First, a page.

Yvan Muller: “After a difficult time in qualifying, I couldn’t have hoped for much better this weekend. I am all the same satisfied to be on the podium. Ma Qing Hua was very fast in the race and he totally deserves his win. I tried to attack to threaten him, but it was to no avail. Even though the World Championship situation isn’t going my way, I haven’t given up and I will attack the second half of the season with the firm intention to catch up to Pechito!”

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Probably, hardly anyone had expected this after the results from the first six DTM races of the season: BMW dominated the race at Zandvoort in The Netherlands on Saturday and saw seven of its eight BMW M4 DTMs lock out the first seven places. Reigning DTM champion Marco Wittmann was the dominant winner in the 40 minutes’ race. “A dream result,” a delighted Wittmann said after the finish. “I wouldn’t say no when things continue like that tomorrow.” António Félix da Costa, who scored his best DTM result in second position, and third-placed Belgian Maxime Martin rounded out the podium at Zandvoort. Augusto Farfus, Bruno Spengler, Timo Glock and Tom Blomqvist in fourth to seventh place completed the historic success for BMW.

On Saturday, Audi and Mercedes-Benz had no luck. Both Gary Paffett with his Mercedes-AMG C 63 DTM and points’ leader and Audi’s spearhead Jamie Green failed to score points in spite of their good stating grid positions. Green slid into the gravel trap following a driver’s error on lap 18 and had to retire. “That was a little error with a big effect,” Jamie Green commented. Only a slight consolation for the brand from Ingolstadt: Mike Rockenfeller and Nico Müller were the best-placed Audi drivers in eighth and ninth place.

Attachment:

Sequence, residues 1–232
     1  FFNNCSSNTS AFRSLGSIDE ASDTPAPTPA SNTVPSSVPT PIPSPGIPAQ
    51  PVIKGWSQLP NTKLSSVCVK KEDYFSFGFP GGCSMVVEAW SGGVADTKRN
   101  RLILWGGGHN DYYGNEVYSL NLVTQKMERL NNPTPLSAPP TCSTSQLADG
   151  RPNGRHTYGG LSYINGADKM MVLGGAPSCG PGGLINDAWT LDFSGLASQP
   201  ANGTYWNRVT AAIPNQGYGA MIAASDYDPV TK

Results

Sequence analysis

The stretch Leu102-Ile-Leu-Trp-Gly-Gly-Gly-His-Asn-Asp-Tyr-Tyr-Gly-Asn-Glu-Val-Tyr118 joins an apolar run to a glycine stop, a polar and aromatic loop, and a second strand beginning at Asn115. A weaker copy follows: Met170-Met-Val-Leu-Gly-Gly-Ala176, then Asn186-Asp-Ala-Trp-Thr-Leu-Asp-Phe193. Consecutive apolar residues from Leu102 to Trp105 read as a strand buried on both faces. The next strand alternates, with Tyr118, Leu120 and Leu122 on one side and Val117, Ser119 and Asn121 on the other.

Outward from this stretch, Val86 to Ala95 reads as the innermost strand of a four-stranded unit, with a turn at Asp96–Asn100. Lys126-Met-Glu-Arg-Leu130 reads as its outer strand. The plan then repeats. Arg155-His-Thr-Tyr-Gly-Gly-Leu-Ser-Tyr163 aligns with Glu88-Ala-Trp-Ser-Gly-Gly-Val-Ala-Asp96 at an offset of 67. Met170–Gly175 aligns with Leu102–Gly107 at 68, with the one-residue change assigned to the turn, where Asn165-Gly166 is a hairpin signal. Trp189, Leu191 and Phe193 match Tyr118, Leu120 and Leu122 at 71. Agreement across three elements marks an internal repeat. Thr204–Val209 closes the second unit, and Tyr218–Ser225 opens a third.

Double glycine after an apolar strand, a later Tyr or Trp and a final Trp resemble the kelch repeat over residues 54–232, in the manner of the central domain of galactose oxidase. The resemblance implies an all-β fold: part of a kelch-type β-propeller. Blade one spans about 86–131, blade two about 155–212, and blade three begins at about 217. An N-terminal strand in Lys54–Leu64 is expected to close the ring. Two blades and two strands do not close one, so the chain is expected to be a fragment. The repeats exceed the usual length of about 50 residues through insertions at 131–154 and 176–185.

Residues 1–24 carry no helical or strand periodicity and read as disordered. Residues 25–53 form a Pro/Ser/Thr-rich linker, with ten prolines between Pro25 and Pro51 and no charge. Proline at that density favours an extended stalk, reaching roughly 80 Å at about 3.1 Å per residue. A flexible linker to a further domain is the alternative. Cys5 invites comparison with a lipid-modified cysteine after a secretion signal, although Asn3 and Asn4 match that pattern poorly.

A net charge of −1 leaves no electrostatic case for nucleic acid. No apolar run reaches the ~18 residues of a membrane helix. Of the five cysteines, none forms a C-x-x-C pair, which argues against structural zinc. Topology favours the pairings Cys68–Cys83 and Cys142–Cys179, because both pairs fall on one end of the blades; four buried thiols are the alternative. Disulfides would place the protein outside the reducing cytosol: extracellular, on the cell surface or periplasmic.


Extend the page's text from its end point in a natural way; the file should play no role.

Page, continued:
In the battle for fourth on the penultimate lap, Paffett also took too many risks while trying to overtake Augusto Farfus. After slight contact, he slid off the track and thus lost his fifth place that seemed to be certain until that mishap. Eventually, Paffett took the chequered flag in eleventh place. “Augusto did a good job in defending his position and briefly tapped the brakes there, which really surprised me,” Paffett explained. “I knew that consistency would be the key to success and that I could only make up positions towards the end of the race. Unfortunately, that didn’t work out.” A few metres after the start, Paul Di Resta caused a five laps’ safety car intervention: after contact with Robert Wickens, the Scot crashed into the Armco barriers. At Zandvoort, Pascal Wehrlein was the best-placed Mercedes-Benz driver in tenth position.

Wittmann already laid the foundation for his first win of the season and the fifth victory of his DTM career at the start. The 25-year-old had a significantly better getaway than his fellow BMW driver and pole sitter Augusto Farfus and took the lead. In the course of the race, only second-placed Félix da Costa remained within striking distance to Wittmann. The Portuguese placed several attacks on his fellow BMW driver, but eventually didn’t take any risks and safely brought second place home. “For the first time this season, we were really quick,” Félix da Costa said. “Second place is wonderful, and tomorrow, I already have the next chance to score a good result.”

BMW’s success is a historic one in the DTM: never before did a manufacturer succeed in locking out the first seven places. Mercedes-Benz had a clean sweep of the first six places at Hockenheim in 2001 and at Barcelona in 2007. Audi also scored a top six lock-out in the DTM, at Valencia in 2011. “Of course, such a success is sensational,” BMW Motorsport director Jens Marquardt says. “The track suits our car and the performance weights have contributed to this success, too. However, we have to be realistic: since the race at Norisring, the balance of power hasn’t changed as much as it looks. For the motivation of our team, today was very important.”

After seven races, Jamie Green remains on top of the drivers’ standings with 81 points from Mattias Ekström (70 points) and Pascal Wehrlein (68 points). After his first win of the season, Marco Wittmann has moved up to sixth behind Edoardo Mortara (58 points) and Robert Wickens (57 points). He now has 39 points.

The second race at Zandvoort gets underway on Sunday at 14:10 hrs (live on ARD). Prior to that, grid positions for the race will be determined in qualifying from 11:35 hrs.

The Premiere Motorsport Podcast